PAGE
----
Turning Over a New Leaf: Modeling Green Infrastructure in Atlanta

EarthzineDEVELOP 2016 Spring VPS, Managing Water Quality and Precipitation Anomalies, Original

  1. Category: Managing Water Quality and Precipitation Anomalies
    Project Team: Atlanta Water Resources
    Team Location: University of Georgia – Athens, Georgia
Overlay of selected data layers used in LUCIS and SWAT for this project. Image Credit: Atlanta Water Resources Team

Overlay of selected data layers used in LUCIS and SWAT for this project. Image Credit: Atlanta Water Resources Team

Christopher Cameron
Beatriz Avila
Veronica Fay
Jason Reynolds
Alex Smith
Jacob Spaulding
Wenjing Xu

Dr. Rosanna Rivero (University of Georgia, College of Environment & Design)
Dr. Marguerite Madden (University of Georgia, Center for Geospatial Research)

Past/Other Contributors:
Caren Remillard (Center Lead)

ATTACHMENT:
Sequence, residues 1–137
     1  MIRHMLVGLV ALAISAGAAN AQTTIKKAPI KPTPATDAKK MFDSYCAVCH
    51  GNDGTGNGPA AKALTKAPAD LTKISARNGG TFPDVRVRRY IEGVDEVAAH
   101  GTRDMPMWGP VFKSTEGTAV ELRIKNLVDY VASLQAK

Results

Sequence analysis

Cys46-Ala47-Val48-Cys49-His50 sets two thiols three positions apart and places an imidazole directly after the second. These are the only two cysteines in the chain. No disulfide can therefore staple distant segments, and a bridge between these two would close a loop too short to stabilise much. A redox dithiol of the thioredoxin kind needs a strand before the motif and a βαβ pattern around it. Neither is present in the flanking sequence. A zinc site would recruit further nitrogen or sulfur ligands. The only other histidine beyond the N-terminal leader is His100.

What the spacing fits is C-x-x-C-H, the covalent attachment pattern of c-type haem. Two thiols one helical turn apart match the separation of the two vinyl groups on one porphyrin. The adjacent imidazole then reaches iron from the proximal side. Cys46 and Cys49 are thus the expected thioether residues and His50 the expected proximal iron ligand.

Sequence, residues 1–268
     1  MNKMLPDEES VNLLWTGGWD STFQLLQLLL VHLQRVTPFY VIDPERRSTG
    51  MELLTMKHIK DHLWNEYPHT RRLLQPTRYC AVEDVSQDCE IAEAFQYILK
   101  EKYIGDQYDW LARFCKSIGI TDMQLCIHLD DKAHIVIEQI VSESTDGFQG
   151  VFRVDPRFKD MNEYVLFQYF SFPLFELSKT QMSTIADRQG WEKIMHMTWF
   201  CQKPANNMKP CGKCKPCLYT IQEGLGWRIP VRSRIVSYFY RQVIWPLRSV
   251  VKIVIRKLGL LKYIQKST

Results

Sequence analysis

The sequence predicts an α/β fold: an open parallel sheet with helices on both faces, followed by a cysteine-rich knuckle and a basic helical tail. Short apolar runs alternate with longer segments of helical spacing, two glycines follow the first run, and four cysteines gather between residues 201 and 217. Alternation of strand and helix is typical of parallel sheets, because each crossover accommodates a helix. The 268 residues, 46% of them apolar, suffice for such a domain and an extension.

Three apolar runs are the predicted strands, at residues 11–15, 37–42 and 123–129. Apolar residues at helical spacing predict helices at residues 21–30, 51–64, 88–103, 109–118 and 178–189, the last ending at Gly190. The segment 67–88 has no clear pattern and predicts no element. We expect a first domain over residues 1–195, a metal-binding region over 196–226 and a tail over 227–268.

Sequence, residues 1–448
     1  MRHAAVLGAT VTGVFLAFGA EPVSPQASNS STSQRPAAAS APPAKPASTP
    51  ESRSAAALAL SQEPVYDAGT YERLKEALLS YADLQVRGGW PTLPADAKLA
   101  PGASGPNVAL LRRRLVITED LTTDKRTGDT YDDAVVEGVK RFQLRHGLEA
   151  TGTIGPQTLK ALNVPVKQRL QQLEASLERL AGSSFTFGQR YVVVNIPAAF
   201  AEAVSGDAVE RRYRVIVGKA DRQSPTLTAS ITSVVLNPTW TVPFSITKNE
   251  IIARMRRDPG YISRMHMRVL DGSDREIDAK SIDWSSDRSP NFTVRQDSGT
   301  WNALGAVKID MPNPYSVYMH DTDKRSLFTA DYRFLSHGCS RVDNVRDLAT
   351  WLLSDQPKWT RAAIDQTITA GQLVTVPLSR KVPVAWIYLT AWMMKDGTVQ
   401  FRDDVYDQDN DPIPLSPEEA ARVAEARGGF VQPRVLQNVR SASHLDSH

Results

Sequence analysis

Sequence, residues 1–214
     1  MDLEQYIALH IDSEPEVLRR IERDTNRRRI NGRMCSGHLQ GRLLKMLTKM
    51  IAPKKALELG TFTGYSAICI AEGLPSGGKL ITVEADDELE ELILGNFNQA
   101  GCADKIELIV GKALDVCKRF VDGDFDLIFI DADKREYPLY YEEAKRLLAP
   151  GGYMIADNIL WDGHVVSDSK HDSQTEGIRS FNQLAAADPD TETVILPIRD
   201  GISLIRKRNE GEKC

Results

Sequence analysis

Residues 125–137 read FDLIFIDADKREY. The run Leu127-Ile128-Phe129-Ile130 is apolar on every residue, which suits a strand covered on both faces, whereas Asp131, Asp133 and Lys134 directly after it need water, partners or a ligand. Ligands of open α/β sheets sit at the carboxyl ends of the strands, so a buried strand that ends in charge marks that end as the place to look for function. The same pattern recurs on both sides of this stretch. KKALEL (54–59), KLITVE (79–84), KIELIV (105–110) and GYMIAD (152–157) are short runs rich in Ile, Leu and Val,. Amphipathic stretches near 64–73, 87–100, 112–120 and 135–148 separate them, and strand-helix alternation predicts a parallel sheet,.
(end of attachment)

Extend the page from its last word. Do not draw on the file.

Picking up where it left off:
Residents of Metro Atlanta pay the highest rates in the nation for municipal water and sewer, in part, due to massive recent investments in infrastructure to manage stormwater runoff. As development continues at a rapid pace in Atlanta and its suburbs, expanding areas of impervious surface will continue to exacerbate this problem. Forested land is known to slow runoff during storms, allowing water to infiltrate, and the soil to absorb particles and contaminants before entering the surface water. Enabling the protection of existing green infrastructure, or strategically planting more trees to intercept stormwater runoff, can help reduce sediment and nutrient-laden stormwater runoff in the Chattahoochee River watershed in addition to limiting the needs of future city infrastructure. The DEVELOP team at the University of Georgia partnered with The Nature Conservancy to identify conservation targets in the Atlanta region to improve existing green infrastructure and locate additional areas suitable for expansion of reforestation efforts using NASA data from Landsat 8 and Terra satellites. This was accomplished through a combined, watershed-scale assessment of metro Atlanta using the Land-Use Conflict Identification Strategy (LUCIS) and Soil and Water Assessment Tool (SWAT) models. The LUCIS model was employed in this project to identify areas of land use conflict as it relates to existing and future conservation areas in Atlanta. The SWAT model produced an analysis of pollution sources and hydrologic processes in the study area. Together, these model results provided project partners with an integrated understanding of water resource issues in Metro Atlanta that emphasized local land use scenarios.

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